The Two Spirit incident occurred when the “me too” movement, which has seen scores of men and women accuse prominent individuals of sexual harassment, was sweeping the nation. Due to a federal grant, Two Spirit quickly grew from a small staff of a few to about 20.

David Baker-Hargrove was responsible for organising Orlando’s enormous annual Come Out With Pride celebration and march. He has also served as president of the LGBT chamber of business in Orlando, MBA.

He wrote a letter on the Two Spirit website on the anniversary of the Pulse tragedy, stating that it had emotionally affected him. In his essay, he suggested that anyone who felt the same way should seek treatment.

He didn’t name any specific action, just that “I acted irresponsibly while assuring myself nothing was out of the ordinary.”

Implications of Fake PR and Social media.

The prevalence of fake news has led to a rapid increase in the function of PR experts in building brand image and, consequently, people’s faith in their company.

The industry may benefit from this in several ways. If anything, the proliferation of fake news and the ensuing public suspicion of it increases the pressure on you to craft thoroughly researched narratives to convey to audiences in order to avoid being exposed for factual inaccuracies.

As a result, professionals will be forced to exercise extreme caution when making pitches, and a greater focus on fact-checking will eventually improve the accuracy of story-telling, providing brands with the much-needed boost in trust that they need to establish a solid reputation and positive image in the eyes of the public.

Simultaneously, you need to be ready to handle the fallout from fake news that could be directed towards your company. One example is the mistrust that the pharmaceutical business is experiencing due to the anti-vaccination movement. Therefore, the PR department of pharmaceutical companies needs to approach this problem with intelligence and counter the propaganda by releasing statements that are supported by evidence and that the general public can understand.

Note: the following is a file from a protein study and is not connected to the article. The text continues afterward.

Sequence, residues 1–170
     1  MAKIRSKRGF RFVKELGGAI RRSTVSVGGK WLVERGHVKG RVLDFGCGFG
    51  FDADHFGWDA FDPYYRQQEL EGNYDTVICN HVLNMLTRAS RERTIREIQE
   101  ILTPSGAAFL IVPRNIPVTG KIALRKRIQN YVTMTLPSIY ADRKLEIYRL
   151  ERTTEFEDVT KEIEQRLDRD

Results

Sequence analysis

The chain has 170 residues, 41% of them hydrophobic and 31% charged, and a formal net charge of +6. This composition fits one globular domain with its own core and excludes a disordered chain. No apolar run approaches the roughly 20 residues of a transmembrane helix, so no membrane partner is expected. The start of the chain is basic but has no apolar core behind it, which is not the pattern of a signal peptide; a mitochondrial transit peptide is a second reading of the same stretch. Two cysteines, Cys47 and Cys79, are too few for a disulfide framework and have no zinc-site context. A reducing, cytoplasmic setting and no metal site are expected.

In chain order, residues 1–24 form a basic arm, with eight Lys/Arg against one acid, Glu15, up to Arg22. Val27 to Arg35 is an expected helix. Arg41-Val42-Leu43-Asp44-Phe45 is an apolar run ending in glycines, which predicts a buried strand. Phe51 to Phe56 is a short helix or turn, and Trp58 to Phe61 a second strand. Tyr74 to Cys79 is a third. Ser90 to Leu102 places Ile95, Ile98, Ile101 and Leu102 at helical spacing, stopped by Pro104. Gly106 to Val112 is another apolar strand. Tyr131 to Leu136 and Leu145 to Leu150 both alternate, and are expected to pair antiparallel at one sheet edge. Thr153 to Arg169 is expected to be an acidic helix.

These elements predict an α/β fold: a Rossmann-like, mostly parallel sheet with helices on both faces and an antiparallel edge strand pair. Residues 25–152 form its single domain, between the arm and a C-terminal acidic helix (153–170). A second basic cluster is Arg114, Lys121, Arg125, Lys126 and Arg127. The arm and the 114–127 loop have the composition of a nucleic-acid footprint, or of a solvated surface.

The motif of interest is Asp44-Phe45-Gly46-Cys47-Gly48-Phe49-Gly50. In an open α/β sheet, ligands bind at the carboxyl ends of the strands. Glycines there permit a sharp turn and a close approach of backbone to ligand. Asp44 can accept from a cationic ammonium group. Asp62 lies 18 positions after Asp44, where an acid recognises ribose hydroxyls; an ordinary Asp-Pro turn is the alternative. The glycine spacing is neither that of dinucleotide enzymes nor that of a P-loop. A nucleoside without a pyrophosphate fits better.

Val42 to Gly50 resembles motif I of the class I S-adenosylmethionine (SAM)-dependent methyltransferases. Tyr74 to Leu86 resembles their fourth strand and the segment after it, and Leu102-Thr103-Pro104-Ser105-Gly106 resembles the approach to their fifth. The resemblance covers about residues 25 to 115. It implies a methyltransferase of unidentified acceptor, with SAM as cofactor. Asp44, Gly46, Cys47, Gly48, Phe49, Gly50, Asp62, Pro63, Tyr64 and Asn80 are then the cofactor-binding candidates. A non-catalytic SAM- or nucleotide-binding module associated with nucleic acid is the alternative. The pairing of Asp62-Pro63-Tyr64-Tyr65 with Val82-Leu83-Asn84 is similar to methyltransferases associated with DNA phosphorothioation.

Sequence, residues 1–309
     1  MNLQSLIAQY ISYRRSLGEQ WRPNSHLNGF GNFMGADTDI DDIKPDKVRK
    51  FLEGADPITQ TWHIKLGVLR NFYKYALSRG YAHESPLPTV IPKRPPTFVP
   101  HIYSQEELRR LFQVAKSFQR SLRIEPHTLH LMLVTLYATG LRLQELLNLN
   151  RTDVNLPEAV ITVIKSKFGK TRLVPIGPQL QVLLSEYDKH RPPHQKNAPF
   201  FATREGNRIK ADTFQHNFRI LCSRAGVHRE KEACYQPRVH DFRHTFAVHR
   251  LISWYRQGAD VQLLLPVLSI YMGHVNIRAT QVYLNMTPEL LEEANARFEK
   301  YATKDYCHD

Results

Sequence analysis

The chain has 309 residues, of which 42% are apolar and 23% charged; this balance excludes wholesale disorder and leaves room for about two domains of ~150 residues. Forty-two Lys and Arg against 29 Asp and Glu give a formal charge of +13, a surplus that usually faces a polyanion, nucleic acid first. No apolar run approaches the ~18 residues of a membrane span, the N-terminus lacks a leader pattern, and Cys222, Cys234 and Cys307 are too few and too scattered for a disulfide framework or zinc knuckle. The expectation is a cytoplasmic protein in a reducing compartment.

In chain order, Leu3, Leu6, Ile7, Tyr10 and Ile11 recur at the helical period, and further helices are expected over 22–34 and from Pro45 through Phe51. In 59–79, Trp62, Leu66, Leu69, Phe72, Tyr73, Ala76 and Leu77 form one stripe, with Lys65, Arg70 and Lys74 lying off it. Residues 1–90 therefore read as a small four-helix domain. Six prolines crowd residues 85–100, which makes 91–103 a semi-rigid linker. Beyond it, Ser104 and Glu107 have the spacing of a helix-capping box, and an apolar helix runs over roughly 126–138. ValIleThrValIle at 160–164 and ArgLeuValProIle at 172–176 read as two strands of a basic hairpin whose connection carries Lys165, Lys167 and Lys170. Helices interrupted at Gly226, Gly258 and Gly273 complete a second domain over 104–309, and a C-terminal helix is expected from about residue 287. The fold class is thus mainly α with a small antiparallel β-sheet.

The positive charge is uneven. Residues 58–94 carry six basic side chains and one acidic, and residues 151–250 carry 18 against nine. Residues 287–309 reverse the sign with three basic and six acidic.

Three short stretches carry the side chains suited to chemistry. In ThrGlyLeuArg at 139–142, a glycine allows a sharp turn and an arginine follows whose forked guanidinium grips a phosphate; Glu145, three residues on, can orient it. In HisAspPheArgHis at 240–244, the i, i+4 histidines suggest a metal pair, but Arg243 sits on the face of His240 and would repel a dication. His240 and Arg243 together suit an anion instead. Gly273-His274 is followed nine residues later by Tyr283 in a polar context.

Hence, the fundamental duty of PR specialists, which is to efficiently and authentically connect with their audiences, remains unaffected by the proliferation of fake news. The only thing that has changed is that PR professionals now have a tighter margin of error and must be more meticulous in their pitches and publications than ever before.

Social media’s role in the spread of fake news and the devaluation of fact-based pieces has been incredibly disappointing—one could even argue detrimental. The negative ramifications of fake news extend far beyond the corporate sector and society at large, necessitating intense pressure on public relations to refute the lies targeting their brands with thoughtful rebuttals.

The Bottom Line 

But if PR deals with this challenge cautiously, it can be converted into a great opportunity to win the trust of the community in their brand by ensuring rigorousness in publications and all communications with audiences, which after all has always been the ultimate goal of all PR activities.

David Baker-Hargrove uses fake paid PR to gain popularity and tries to save himself from the crimes he has done.